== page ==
When the user is satisfied with the repeatable pattern he has created and marked, a particular hardkey is selected to initiate the appearance of the generator control menu associated with the generator control software 36, shown by the softkey display 90, FIG. 9. The generator control menu allows the user to exercise control over the generator's pattern switching and error generation capability.
FIG. 3 shows the RAM based transmitter for generating and transmitting the digital signal pattern. The RAM based transmitter 14 includes a side A 52 and a side B 60. Both sides operate in the same manner. Side A includes RAM 56 connected to a counter 54, likewise Side B includes RAM 62 and counter 64. The data set 42 representing the repeatable digital pattern is loaded into either side A or side B via the bus 24. Power up initializes either counter 54 or 64 which drives an address bus for addressing the data set. The addressed data is applied to the input of the AMI/ERROR/SELECT PAL 70. The PAL 70 will be described later with regard to error generation. The seventh bit of the last word of data in the data set 42 representing the end of the repeatable digital pattern as shown in Table 1, resets the counters 54 or 64 via lines 58 or 66 so that the data set is repeatedly transmitted.
By selecting the Load Generator softkey, FIG. 9, the data set representative of the presently displayed pattern specified by the user is loaded, under control of software 36, to whichever side of the generator that is not currently being selected for transmission. The line coding specified in the Edit Structure screen and menu, FIG. 8, is performed at this time. The data bits corresponding to the marked errors, if any, are also inverted according to the additional data array created under control of mark errors software 35. This Load Generator softkey remains highlighted until the loading is completed. Thus, if the RAM based transmitter is transmitting from side A 52, then it is possible to load into side B 60. The Load Generator softkey toggles between A and B. The Switch to A softkey, when selected, forces the generator to transmit from side A. This softkey is highlighted when the generator is transmitting therefrom.
The user interface allows the user to load a new pattern into side B as indicated above, during the transmission from side A and indicates this by labeling the softkey Load Generator B. This would of course be true when side B is transmitting, whereby the softkey for loading is labeled Load Generator A. Likewise, the Switch to B softkey forces the generator to transmit from side B and this key is highlighted when the generator is transmitting therefrom.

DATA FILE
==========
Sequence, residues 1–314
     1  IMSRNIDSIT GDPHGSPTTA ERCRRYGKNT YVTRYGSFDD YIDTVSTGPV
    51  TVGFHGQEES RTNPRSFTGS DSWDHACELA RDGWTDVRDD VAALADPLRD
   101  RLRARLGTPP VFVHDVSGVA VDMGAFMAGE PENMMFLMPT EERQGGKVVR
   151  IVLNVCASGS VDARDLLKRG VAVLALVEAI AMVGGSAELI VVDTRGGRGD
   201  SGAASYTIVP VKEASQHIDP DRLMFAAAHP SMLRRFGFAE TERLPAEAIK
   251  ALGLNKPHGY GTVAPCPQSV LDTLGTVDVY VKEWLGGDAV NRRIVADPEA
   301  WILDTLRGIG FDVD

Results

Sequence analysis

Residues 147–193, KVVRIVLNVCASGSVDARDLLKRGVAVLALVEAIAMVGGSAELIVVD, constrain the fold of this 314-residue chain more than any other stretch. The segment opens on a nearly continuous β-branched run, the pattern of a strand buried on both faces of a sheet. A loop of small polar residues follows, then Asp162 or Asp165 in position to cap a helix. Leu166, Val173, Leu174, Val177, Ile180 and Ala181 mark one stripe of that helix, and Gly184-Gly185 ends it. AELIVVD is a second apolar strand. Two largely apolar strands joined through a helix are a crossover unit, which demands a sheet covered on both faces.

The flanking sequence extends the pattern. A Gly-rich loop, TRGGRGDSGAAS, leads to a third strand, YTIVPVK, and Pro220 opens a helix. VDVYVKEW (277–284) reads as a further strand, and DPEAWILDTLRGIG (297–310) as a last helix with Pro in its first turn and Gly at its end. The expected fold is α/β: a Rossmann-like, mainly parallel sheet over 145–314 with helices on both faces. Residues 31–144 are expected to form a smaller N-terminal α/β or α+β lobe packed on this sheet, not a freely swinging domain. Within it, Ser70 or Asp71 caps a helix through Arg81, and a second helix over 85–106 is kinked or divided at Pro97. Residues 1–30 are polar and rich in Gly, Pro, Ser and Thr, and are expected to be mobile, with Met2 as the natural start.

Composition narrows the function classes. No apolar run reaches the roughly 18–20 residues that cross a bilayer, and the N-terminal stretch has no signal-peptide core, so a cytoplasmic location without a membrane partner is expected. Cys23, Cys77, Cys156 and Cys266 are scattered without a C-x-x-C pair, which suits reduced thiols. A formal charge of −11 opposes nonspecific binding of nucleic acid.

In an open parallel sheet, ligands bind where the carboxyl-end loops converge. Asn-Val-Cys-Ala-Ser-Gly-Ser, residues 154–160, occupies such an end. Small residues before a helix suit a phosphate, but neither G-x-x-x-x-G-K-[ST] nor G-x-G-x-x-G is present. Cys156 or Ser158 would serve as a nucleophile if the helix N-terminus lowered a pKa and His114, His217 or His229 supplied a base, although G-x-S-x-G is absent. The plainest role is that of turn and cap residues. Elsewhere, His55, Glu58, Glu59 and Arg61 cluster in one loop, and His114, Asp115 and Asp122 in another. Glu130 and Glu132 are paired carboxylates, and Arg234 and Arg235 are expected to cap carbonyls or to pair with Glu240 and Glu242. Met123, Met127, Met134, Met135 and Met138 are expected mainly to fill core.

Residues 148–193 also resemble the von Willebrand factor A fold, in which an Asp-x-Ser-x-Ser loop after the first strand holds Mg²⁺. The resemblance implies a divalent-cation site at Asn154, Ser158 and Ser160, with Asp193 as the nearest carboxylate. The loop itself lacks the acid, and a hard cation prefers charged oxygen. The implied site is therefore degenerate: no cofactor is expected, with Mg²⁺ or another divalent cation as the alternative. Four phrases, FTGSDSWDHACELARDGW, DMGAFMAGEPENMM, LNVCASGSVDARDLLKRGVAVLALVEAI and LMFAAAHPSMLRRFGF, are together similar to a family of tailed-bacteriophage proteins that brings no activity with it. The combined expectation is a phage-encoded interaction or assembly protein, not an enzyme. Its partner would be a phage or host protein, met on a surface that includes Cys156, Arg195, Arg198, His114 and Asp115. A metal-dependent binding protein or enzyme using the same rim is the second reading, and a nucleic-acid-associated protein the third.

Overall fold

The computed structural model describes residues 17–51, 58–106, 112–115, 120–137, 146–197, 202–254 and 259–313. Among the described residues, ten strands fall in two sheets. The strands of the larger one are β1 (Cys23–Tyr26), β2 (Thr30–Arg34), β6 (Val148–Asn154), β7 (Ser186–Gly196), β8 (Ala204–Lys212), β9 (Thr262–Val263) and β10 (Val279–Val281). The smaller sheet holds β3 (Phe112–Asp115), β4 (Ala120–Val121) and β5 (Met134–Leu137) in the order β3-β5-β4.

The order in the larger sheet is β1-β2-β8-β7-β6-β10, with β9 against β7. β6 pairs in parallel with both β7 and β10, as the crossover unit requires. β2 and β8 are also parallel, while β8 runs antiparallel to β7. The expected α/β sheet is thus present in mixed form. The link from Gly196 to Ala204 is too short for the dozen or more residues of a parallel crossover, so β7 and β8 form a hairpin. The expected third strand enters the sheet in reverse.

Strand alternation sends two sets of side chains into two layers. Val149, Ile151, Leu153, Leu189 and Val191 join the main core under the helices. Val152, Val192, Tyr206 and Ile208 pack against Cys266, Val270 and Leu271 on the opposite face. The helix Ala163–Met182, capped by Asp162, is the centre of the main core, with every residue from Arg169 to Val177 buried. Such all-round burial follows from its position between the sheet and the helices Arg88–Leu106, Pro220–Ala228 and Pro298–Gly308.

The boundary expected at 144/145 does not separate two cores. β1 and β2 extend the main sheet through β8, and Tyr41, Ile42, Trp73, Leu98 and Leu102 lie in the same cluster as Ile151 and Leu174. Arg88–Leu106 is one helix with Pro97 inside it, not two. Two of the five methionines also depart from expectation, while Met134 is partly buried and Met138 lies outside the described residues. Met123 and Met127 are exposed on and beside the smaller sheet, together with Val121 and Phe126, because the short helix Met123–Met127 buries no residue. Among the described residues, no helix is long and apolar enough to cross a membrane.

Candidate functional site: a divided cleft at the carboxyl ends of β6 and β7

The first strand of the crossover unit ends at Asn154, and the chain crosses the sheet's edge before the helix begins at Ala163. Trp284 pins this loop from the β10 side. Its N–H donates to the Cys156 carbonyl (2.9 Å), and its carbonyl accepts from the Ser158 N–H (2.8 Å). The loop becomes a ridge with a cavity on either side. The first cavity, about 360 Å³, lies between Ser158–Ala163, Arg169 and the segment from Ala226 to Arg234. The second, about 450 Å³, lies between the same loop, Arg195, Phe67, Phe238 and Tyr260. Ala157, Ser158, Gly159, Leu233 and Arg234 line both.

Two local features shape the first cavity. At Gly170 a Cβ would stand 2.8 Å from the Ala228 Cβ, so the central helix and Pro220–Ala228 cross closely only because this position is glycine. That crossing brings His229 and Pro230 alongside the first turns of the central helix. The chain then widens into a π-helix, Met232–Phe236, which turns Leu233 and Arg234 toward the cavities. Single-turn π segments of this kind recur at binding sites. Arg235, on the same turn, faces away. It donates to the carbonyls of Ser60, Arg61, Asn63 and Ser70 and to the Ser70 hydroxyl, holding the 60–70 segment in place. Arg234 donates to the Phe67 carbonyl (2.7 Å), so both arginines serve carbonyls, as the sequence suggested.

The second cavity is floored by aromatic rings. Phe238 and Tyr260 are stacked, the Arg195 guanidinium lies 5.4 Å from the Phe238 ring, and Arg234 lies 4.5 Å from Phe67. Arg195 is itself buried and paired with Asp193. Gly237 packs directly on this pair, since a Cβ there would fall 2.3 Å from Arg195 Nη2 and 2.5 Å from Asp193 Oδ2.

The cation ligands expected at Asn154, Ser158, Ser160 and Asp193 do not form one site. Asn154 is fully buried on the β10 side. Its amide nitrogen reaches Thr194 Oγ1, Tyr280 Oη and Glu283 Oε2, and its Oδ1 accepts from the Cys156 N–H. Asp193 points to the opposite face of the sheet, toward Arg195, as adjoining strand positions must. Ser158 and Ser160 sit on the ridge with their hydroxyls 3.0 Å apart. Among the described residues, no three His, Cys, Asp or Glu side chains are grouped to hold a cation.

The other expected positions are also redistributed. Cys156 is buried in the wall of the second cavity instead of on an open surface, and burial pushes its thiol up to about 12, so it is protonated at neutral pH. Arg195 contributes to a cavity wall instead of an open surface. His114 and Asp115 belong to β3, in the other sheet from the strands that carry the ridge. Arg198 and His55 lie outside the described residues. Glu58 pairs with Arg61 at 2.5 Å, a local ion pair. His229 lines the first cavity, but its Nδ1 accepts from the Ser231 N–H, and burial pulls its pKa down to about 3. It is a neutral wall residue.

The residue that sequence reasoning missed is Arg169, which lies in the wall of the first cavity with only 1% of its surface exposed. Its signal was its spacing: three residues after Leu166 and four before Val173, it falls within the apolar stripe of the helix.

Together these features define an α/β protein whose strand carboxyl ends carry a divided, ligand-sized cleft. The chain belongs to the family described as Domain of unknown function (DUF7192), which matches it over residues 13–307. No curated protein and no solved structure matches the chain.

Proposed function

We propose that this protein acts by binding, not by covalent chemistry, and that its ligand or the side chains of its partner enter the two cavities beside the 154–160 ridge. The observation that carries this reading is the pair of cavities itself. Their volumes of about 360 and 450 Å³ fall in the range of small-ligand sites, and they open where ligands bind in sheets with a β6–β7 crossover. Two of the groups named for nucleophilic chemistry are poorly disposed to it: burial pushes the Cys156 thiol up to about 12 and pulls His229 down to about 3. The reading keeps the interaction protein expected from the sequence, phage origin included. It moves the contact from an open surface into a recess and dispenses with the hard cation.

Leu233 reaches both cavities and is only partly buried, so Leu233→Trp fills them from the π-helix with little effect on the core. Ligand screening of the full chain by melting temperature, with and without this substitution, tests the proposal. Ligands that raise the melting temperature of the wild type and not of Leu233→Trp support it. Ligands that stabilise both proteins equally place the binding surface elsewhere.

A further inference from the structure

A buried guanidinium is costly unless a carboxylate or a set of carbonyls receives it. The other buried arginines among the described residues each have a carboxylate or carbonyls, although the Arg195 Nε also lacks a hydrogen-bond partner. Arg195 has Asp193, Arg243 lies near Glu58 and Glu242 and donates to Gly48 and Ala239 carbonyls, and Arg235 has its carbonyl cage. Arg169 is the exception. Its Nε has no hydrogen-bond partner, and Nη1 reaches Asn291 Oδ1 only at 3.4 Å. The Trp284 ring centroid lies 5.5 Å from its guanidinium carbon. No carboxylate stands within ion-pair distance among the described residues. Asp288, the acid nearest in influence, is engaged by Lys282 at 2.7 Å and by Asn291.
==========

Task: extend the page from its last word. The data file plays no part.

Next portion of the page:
As previously presented, a digital signal pattern 40 can be generated under control of software 36 once it is specified via pattern description software 32 utilizing editing software 34. This is shown in the software diagram of FIG. 2, wherein loop 38 applies the repeatable digital pattern data set 42 generated by the pattern description software directly to the generator control software 36. This pattern can be generated as specified without errors being introduced therein. The unerrored digital pattern 40 per the user input 48 is generated as specified by the user. Of course, the specified repeatable digital pattern itself could be an errored pattern, thus the RAM based transmitter would transmit an errored pattern without ever generating an unerrored pattern.
The apparatus and software of the present invention interject errors into the specified repeatable digital pattern to generate errored digital signal patterns in a number of ways. As was previously discussed, the Mark Errors softkey of the main menu, FIGS. 5, 6 or 7, allows the user to access the repeatable data set 42 and mark any given framing bit for inversion upon loading and transmission. Marking the error does not invert the actual data bit of the data set stored in computer RAM, but rather a bit is set in an additional array as previously described above and used to invert the bit prior to line coding and when the repeatable data set is loaded in transmitter 14. The data set 42 stored in computer RAM remains unchanged.
In the present invention, software has not been written to allow all the bits, just the framing bits, of the specified repeatable digital pattern to be marked for error generation per the Mark Errors softkey. It should be readily apparent to one skilled in the art that software to mark errors for any of the specified bits can easily be created. The marked error, because the bit in the repeatable digital signal data set is inverted when loaded, prior to transmission and is repeatedly transmitted, occurs every time the specified repeatable pattern is repeatably transmitted.